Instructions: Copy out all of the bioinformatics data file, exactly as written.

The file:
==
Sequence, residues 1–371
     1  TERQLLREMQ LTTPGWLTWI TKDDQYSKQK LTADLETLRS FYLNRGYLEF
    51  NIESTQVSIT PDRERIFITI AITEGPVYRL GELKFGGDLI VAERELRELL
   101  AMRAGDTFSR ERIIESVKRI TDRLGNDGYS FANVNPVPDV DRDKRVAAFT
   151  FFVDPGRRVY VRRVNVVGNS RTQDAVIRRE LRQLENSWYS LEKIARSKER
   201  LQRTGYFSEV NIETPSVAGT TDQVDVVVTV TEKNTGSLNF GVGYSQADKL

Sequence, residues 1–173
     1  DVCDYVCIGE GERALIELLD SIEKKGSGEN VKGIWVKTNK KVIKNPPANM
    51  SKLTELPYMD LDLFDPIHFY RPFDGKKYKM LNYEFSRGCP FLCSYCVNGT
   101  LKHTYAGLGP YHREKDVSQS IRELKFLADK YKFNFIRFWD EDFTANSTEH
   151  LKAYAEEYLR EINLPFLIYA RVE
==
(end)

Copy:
Sequence, residues 1–371
     1  TERQLLREMQ LTTPGWLTWI TKDDQYSKQK LTADLETLRS FYLNRGYLEF
    51  NIESTQVSIT PDRERIFITI AITEGPVYRL GELKFGGDLI VAERELRELL
   101  AMRAGDTFSR ERIIESVKRI TDRLGNDGYS FANVNPVPDV DRDKRVAAFT
   151  FFVDPGRRVY VRRVNVVGNS RTQDAVIRRE LRQLENSWYS LEKIARSKER
   201  LQRTGYFSEV NIETPSVAGT TDQVDVVVTV TEKNTGSLNF GVGYSQADKL

Sequence, residues 1–173
     1  DVCDYVCIGE GERALIELLD SIEKKGSGEN VKGIWVKTNK KVIKNPPANM
    51  SKLTELPYMD LDLFDPIHFY RPFDGKKYKM LNYEFSRGCP FLCSYCVNGT
   101  LKHTYAGLGP YHREKDVSQS IRELKFLADK YKFNFIRFWD EDFTANSTEH
   151  LKAYAEEYLR EINLPFLIYA RVE